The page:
"Operating costs are projected at $7.5 million a year, not counting the part covered by fares. But Renlund said the state is already using federal funds to cover 90% of the Hiawatha's $5.2 million annual operating cost - leaving $520,000 a year for state taxpayers to pick up - and hopes to do the same with the new line. That would mean state taxpayers would be paying $750,000 a year for the service to Madison."

So Wisconsin would get the train line construction fully-paid by stimulus funds, with an annual state tab for some operating expenses amounting to less than one-tenth of 1% of the construction cost.

And less than 8% of the size of the operating cost that GOP candidate Scott Walker has been claiming all campaign season.
Don't you hate it when wingers get hit by reality like a fast speed train?

The Influence, Or Lack Thereof, Of Squawk Radio

From the incomparable xoff:

The same is true of talk radio, which will be quick to take credit for any electoral success on Tuesday, with Ron Johnson the first to say that's how he won (if he wins). He kissed Charlie Sykes's ring (and who knows what else) before deciding to run, to make sure he's have his blessing.

Sykes was the emcee at a Johnson weekend rally in Oshkosh, and will play the same role at Scott Walker's closing rally in Wauwatosa.

But here's the thing: Most Wisconsinites don't listen to or pay attention to talk radio, either. Sykes's audience is about 2 per cent of the adult households in the Milwaukee metro area, perhaps 20,000 people on average. Mark Belling has similar numbers in the afternoon. It's a very limited listenership, and most of them are already convinced; they are not undecideds tuning in to be persuaded.

As much as we like to demonize them, their role is limited. They have more clout with conservative activists and Republicans who hang on their every word -- and with the editors and publishers at their sister publication, the Journal Sentinel. But the impact on the general public is miniscule, and Dems and progressives do ourselves a disservice by blaming Sykes, Belling & Co. for the ills of the world. They simply aren't that important, and we should not elevate them by acting like they are.

They may be riding the runaway Tea Party train and hanging on for dear life, but they are not steering.

Happy Election Day

If having a say in the future of the state and the country is not enough inspiration to make you get out to vote, remember, Charlie Sykes, Mark Belling, and the rest of them don't want you to.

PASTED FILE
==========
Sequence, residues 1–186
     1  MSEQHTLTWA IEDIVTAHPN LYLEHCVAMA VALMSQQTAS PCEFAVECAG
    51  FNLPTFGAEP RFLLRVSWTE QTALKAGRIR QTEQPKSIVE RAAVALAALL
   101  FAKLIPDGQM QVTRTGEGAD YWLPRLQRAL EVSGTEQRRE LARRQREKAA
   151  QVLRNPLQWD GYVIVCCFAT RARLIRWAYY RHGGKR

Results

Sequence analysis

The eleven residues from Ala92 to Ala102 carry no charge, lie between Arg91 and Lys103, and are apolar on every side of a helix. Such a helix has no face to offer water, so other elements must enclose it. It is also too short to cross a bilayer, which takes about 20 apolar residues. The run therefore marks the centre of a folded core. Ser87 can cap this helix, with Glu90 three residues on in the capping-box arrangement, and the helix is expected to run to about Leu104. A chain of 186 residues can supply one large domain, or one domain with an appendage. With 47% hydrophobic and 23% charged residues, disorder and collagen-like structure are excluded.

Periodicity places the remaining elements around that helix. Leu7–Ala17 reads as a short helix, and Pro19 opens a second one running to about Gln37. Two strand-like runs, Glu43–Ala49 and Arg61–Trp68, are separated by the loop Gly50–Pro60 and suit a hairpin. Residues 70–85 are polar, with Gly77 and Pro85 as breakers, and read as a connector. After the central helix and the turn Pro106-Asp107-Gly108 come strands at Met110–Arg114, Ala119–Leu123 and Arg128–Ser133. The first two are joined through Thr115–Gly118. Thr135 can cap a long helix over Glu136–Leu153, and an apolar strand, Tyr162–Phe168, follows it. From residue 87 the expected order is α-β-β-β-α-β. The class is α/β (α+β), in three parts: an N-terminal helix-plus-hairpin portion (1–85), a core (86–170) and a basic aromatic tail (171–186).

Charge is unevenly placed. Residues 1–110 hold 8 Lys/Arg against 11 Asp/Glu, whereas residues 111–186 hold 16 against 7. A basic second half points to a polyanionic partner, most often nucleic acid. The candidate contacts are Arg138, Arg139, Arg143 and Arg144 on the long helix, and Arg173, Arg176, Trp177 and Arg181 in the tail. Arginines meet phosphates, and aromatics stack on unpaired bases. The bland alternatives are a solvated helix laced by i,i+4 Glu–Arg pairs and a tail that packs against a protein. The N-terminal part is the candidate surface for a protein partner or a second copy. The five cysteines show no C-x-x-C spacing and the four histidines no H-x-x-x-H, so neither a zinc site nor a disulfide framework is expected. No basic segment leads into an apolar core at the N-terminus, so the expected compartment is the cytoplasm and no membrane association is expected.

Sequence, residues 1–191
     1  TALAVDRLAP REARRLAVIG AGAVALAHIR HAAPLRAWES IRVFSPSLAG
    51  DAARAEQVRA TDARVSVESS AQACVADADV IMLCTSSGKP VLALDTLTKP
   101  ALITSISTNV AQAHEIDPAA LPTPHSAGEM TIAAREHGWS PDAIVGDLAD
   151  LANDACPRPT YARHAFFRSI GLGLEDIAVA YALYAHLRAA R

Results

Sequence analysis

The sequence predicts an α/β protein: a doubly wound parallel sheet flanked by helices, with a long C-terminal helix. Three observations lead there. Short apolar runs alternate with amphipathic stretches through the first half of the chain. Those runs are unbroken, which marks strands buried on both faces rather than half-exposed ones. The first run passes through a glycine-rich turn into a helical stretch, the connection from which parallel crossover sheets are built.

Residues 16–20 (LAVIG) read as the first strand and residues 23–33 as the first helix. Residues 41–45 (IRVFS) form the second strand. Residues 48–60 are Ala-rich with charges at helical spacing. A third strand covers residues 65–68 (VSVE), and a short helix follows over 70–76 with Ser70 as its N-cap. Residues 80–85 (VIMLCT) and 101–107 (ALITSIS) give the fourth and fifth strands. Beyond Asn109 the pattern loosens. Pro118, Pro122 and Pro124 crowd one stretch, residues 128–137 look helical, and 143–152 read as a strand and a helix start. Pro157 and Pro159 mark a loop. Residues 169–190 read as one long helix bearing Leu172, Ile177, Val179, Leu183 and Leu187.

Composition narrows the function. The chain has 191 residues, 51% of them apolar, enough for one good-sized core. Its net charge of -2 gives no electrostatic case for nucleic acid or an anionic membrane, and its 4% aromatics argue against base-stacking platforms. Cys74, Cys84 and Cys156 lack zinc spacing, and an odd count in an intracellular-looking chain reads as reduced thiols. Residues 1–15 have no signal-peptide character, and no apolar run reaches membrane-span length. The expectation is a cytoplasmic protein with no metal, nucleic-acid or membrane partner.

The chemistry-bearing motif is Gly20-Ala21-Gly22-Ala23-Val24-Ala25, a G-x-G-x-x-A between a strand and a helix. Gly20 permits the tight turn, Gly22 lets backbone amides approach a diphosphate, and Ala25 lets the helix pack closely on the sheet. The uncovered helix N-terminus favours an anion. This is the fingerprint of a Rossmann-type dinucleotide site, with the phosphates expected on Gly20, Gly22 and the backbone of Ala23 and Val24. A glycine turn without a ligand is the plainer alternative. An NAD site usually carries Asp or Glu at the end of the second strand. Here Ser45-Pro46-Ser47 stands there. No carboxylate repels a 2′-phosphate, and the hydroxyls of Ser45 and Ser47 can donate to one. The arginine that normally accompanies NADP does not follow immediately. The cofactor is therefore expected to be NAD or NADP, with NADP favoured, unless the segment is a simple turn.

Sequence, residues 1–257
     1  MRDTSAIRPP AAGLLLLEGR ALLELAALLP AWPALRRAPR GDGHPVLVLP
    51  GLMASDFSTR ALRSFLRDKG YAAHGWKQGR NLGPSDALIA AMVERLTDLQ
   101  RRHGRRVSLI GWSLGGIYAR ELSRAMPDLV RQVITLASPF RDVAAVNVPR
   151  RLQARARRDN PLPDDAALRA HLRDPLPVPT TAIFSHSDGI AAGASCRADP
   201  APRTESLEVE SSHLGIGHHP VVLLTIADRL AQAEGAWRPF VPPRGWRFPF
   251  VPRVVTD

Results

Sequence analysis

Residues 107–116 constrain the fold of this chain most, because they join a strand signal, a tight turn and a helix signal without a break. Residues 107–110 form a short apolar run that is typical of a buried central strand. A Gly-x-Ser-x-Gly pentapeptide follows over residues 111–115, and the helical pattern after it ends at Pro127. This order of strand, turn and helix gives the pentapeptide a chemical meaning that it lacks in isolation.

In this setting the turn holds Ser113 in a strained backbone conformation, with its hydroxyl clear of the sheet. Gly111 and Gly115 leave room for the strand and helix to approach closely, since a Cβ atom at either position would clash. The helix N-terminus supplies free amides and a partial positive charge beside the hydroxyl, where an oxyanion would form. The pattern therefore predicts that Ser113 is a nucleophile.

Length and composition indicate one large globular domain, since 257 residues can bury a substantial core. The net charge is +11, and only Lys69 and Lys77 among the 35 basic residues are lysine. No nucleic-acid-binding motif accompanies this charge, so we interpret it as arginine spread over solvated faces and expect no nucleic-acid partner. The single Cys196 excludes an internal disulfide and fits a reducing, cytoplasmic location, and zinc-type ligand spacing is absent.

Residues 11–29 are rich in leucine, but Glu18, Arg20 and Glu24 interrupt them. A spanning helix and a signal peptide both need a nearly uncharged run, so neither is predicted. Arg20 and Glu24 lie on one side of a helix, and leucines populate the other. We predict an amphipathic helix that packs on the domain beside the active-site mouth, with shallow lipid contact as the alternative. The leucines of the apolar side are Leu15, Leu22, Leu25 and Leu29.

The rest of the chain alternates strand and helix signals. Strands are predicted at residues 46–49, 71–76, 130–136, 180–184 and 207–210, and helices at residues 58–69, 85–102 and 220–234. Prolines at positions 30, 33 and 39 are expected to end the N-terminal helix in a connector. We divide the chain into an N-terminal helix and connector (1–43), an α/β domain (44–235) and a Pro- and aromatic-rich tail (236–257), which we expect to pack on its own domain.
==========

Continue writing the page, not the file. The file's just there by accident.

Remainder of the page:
If you don't know where you're supposed to vote, you can find out here.

Monday, November 1, 2010

George Mitchell Shorter

"Bruce Murphy and Milwaukee Magazine is full of crap because they use real numbers and facts and stuff instead of just relying on my opinion. How dare they!"

Can We Do That Too?

A conservative radio squawker in Alaska has gotten himself in a bit of hot water and off the air.

Just like our local hosts of hate radio, the Alaskan squawker, Dan Fagan, spent most of his time bashing the liberal candidate, in this case, U.S. Senator Lisa Murkowski, and singing paeans to his preferred candidate. But then he got carried away:

About halfway through Fagan's show Thursday afternoon a caller phoned in to say he had just registered as a write-in candidate in the Senate race, which includes Miller, Murkowski, and Democrat Scott McAdams. The caller's provocation -- and the reason Fagan liked the idea -- was the Division of Elections' decision to provide voters who ask with a list of the write-in candidates. The Alaska Supreme Court is currently looking at the legality of that decision. Flooding that list with 150 names ranging from Michael Ames to Kathy Jo Zurek, Fagan figured, would mean fewer votes for Murkowski.

Fagan gave the addresses of the Anchorage and Wasilla offices of the Division of Elections and urged his listeners to drive over and register as write-in candidates.

Branch Haymans, an Anchorage financial advisor, was angered by Fagan's show Thursday afternoon. Haymans is a close friend of Murkowski's and has volunteered for her campaign, but is not part of her paid campaign staff.

On Friday morning, Haymans called KFQD and spoke with Joe Campbell, KFQD's program director. Haymans said he told Campbell that he thought Fagan's on-air behavior bordered on election tampering, but didn't threaten legal action or ask for Fagan to be taken off the air.

Campbell did not return a message requesting comment for this story.

"To send people with no legitimate reason other than to create confusion and chaos in an election seemed, to me, to be over the line," Haymans said. "He was no longer a talk show host. He was just a mouthpiece for Joe Miller."

Given that at least Charlie Sykes was using his Journal Broadcast sponsored show to do fund raising for Ron Johnson and Leah Vukmir, couldn't that be considered a violation of election laws? (Yeah, we already know it's unethical, but since when have the squawkers worried about ethics unless they could use it against a political rival of their buddies?)

H/T Las Vegas Badger